Hearing aids have come a long way from the boring beige of years ago. They’ve become as fashionable as eyeglasses. When I ordered new hearing aids, this time, I went all out. Blue, pink, and aqua.
You see, I spent the first 19 years of my life hiding the single hearing aid I had in my right ear. I disliked, (very intensely, okay, let’s call it hated) the piece of plastic that blasted sounds into my head. Back then, hearing aids merely amplified sound and it was very difficult to get a customized fit according to one’s hearing needs. As a result, I often ended up with headaches. The throbbing pain, combined with the stress of hiding the contraption, created some not-very-fond memories of growing up hard of hearing.
When I became deaf at 19, I had a major paradigm shift. I woke up one morning and decided to stop hiding and start embracing, instead. So for the first time, I put my hair in a ponytail, slapped on the hearing aid, and went on with life.
It wasn’t easy. I had spent a lifetime fitting in instead of standing out. I had to learn to become comfortable with people looking at the hearing aid and asking questions. Slowly, but surely, the paradigm shifted to the point where I no longer cared who stared at my ears or my signing.
Then a beautiful thing happened. I started CELEBRATING the shift.
I was excited when I went in to get fitted for my new hearing aids, but I really didn’t expect much. My hearing was so far down on the charts that I mostly used the hearing aids for environmental sounds and to help me lipread. The audiologist, Solange Anderson, who is from Switzerland also had hearing aids and could sign. It was such a treat to have an audiologist who understood all aspects of being deaf/hard of hearing.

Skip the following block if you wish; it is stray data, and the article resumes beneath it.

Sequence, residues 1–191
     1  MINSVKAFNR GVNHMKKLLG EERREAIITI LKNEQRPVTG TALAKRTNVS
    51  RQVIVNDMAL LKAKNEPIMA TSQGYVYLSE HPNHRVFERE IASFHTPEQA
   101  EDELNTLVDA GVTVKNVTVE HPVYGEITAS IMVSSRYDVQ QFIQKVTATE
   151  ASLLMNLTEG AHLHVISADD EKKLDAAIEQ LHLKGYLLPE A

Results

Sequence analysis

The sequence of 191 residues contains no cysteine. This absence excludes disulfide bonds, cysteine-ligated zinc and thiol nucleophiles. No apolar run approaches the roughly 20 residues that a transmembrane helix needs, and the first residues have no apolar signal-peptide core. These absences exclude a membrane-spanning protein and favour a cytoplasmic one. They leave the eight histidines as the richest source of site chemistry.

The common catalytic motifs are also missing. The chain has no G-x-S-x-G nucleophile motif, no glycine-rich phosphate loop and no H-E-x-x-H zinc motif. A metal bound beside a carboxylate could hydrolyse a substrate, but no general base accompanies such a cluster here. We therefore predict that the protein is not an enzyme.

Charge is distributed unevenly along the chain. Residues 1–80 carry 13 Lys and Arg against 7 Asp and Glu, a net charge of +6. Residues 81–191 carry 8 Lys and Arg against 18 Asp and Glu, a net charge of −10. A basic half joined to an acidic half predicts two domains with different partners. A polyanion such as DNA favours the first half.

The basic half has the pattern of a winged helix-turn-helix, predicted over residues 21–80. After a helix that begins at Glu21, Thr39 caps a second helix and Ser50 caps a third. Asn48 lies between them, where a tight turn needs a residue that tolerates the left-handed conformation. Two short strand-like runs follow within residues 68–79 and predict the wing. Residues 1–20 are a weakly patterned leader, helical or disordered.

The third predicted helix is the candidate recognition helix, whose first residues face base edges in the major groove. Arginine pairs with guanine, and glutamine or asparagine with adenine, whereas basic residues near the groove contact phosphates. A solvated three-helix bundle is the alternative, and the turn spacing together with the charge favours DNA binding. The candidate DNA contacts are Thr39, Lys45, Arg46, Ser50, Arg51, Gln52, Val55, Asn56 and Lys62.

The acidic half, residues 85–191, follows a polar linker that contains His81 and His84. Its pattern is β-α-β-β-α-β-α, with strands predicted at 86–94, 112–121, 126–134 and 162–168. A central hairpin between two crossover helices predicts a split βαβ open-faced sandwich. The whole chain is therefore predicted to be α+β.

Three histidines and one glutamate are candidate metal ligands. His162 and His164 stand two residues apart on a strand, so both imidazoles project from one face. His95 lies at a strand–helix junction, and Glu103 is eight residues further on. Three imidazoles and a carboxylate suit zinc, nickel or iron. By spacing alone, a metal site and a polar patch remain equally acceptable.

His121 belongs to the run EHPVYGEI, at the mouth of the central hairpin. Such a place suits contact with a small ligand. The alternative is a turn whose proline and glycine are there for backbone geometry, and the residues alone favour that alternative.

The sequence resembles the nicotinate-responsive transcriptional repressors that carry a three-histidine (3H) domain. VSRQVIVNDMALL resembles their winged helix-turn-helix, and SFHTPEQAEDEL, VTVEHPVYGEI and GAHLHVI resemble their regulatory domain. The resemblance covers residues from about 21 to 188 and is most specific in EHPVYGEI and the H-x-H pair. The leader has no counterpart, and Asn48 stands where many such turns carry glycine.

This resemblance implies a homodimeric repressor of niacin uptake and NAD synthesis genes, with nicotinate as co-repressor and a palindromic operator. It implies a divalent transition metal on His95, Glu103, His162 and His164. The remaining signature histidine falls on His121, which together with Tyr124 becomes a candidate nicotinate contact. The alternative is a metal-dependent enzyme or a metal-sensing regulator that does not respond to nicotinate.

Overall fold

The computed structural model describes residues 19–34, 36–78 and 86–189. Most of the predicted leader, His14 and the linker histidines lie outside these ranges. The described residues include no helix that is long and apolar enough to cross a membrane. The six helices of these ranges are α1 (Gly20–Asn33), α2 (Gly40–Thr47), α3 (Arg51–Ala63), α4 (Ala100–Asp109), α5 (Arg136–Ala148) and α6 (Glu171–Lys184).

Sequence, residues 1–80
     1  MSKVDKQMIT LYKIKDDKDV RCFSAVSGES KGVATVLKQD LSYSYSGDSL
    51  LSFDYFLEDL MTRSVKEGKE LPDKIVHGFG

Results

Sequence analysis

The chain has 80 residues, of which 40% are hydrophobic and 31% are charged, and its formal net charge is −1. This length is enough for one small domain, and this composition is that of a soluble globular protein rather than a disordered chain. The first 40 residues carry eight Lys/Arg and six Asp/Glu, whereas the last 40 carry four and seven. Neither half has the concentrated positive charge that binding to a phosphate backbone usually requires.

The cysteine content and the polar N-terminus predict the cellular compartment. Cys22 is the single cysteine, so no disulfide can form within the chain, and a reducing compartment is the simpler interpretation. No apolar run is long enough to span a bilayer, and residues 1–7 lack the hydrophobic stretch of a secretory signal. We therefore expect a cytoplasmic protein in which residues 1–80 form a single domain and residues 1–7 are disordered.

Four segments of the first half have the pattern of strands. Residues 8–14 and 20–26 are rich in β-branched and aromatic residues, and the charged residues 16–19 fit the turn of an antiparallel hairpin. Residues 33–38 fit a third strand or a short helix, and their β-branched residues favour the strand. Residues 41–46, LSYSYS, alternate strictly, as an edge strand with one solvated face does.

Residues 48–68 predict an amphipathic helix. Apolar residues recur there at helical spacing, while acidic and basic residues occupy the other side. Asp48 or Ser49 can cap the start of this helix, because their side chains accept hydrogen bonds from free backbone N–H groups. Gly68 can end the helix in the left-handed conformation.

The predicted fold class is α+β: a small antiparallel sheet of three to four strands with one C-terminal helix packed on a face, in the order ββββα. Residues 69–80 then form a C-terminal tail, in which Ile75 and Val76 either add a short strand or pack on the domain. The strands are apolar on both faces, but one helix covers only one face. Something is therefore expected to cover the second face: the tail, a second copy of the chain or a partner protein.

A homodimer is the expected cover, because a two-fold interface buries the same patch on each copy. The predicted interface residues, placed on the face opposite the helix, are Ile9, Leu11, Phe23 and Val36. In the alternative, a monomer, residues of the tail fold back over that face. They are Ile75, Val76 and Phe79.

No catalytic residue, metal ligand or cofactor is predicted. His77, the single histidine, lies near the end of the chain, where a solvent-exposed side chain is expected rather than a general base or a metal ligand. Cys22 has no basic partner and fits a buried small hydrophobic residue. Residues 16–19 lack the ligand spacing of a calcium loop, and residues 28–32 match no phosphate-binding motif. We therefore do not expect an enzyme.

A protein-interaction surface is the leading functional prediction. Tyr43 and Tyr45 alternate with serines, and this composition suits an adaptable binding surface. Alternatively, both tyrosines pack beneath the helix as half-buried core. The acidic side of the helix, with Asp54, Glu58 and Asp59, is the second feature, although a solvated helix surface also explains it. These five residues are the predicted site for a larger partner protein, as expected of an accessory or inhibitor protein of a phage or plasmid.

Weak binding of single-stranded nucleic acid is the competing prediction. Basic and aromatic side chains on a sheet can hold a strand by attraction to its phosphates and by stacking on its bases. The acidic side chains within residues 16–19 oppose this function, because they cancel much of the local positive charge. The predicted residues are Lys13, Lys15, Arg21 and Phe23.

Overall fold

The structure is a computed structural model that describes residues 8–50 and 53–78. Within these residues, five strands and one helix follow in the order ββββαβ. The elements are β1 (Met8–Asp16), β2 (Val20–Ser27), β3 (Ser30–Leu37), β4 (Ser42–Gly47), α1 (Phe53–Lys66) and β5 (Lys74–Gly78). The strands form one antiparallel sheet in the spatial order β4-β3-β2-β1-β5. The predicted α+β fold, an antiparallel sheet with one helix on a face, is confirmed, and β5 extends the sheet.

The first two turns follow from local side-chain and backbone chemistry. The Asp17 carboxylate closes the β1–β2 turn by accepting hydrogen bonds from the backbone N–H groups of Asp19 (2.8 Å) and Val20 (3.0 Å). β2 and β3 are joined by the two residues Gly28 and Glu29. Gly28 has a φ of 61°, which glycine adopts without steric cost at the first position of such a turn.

“I have to warn you, sometimes people become very emotional when they hear new sounds,” she said.
Yeah right, I thought. I’m so deaf that I doubt I can hear much that is new.
The first thing that startled me was my own voice. I sounded different. Solange did some tests to see if I could understand the difference between “s” and “sh.” I could actually pick those out. I couldn’t remember the last time I heard an “s” sound.
Solange introduced me to the Roger Pen. It’s a personalized, wireless microphone that transmits sound directly into the hearing aids. It looks like an ordinary, elegant pen. You can stick it in the pocket of someone you’re talking to and their voice will go directly into the hearing aids. You can put it on the table in a conference room and it will pick up the voices of people who are speaking.
But what really blew me away was the music.
Solange played John Denver’s “The Gift You Are,” one of my favorite songs. Then she played another favorite, Collin Raye’s “In This Life.”
Silly me, I reached for the tissues.
Today, we often see deaf and hard of hearing children with colorful hearing aids and cochlear implants. The hearing industry has come a long way with design and color choices. We now have the ability to completely customize hearing devices with SkinIt.
Yet, according to Hearing Health Foundation, we’ve got 50 million people out there who are deaf and hard of hearing. One in five teens. One in five adults. Noise-induced hearing loss is on the rise. It’s the 2nd most prevalent health issue globally.
Why don’t we see more color perched on the ears?
Because the stigma still exists. People want to hide it.
For many people, hearing loss creeps in often unnoticed. In fact, family and friends are often the first to notice when someone isn’t hearing like they used to. After all, if you’re losing your hearing, you don’t know what you miss!
So, if people in your life are telling you to get your hearing checked, it is time to listen. You can even screen your hearing online: Hearing Test. Today’s hearing aids have so many features–and they’re packed into even smaller devices than before. So if you’re not ready for pink, blue, and aqua hearing aids, you can choose the discreet options. Hey, if that’s what it takes for you begin to use technology in the ears, go for it.
Before I left, Solange reviewed all the settings and options (speech in noise, music, Roger Pen, phone, and mute) and how to use the Roger Pen with music, in the car, and at home.
“Does it make tea?” I jokingly asked Solange.